Be Salty

The other night, I decided to try out a new recipe: pasta with alfredo sauce, topped with blackened lemon-pepper chicken. It smelled absolutely wonderful. The whole time I was cooking, mine and my husband’s mouths were watering. We couldn’t wait to taste it!

I followed the recipe exactly, but the first taste was terribly anticlimactic. All those wonderful scents that were filling the house seemed to disappear when they hit our taste buds—it was so bland. We could taste nothing of what we were smelling.

To try to make it a tad bit more interesting, I sprinkled some salt on mine. Voila! It was like magic! That little bit of salt brought out every ounce of flavor in that dish. I couldn’t taste the salt at all, but the cheese and lemon and spices from the dish just exploded on my tongue. My husband was equally surprised and delighted when I shared the wondrous discovery with him.

After thoroughly enjoying the meal and reflecting on the experience, it reminded me of Matthew 5:13, where Jesus said we are to be salt and light to the world. The imagery of light is one anyone can understand, but I must admit I’ve always been a little confused about the comparison to salt. Especially in this culture. Salt is kind of a bad thing. It raises your cholesterol, gives you high blood pressure, and contributes to heart attacks, right?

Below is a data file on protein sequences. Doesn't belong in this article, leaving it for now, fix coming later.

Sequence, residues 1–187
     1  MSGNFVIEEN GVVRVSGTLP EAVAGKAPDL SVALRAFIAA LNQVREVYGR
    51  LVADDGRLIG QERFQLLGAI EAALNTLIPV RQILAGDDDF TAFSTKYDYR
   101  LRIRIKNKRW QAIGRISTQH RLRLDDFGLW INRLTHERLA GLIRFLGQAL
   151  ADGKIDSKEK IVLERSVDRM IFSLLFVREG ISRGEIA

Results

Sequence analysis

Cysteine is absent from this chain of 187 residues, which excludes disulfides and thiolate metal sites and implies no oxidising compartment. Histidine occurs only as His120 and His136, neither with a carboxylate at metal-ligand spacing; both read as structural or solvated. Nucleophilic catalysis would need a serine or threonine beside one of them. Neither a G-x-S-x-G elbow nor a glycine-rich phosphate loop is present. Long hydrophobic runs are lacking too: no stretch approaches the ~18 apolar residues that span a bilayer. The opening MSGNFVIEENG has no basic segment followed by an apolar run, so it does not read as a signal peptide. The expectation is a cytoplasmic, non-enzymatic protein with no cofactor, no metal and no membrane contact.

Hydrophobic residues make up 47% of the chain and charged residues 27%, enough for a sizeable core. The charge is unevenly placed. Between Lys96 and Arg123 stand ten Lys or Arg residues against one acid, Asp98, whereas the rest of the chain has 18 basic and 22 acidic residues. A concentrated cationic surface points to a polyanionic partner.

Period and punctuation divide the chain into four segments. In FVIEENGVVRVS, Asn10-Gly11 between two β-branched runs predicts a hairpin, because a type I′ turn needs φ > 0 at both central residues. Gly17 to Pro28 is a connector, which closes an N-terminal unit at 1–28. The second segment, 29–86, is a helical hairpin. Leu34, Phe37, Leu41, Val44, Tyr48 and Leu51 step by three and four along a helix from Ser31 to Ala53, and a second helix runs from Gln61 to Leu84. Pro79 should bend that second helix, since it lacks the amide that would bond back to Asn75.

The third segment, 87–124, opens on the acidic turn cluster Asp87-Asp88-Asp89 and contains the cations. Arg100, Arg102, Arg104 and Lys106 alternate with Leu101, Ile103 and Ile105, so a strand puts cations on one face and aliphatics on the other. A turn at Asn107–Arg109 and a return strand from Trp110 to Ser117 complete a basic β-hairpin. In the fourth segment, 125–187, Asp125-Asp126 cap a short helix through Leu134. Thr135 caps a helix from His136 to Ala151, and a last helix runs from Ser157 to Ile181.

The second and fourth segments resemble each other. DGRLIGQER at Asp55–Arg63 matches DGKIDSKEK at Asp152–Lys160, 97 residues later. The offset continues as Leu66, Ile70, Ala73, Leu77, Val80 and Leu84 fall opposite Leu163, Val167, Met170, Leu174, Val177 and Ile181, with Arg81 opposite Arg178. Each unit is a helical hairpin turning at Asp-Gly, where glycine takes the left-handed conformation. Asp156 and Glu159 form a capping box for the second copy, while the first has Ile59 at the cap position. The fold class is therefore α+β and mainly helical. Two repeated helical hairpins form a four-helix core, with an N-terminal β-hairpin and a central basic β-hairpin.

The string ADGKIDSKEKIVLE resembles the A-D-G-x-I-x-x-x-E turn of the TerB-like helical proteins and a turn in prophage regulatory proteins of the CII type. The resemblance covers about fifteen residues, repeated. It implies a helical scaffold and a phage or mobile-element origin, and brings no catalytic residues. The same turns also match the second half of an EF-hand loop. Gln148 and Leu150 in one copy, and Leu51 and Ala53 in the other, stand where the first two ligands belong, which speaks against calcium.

So, after talking to my Sunday School teacher as a kid, I just kind of went with the whole “preservation” route. They didn’t have a whole lot of options for storing meat back in Jesus’ day, so they cured it and salted it so it would stay good and edible. And we’re kind of supposed to preserve people by leading them to God. And that worked for me.

But now I’ve discovered that simple salt can be an amazing, transforming thing! It doesn’t overpower things with its saltiness but simply brings out all of the good that’s already there. It opens your eyes (taste buds . . . whatever) to the goodness you always smelled hints of but couldn’t quite find out how to get to. Our job isn’t to smother people in God—it’s to open them up to His presence so they can experience the full extent of His goodness.

Author: Tanya Carden

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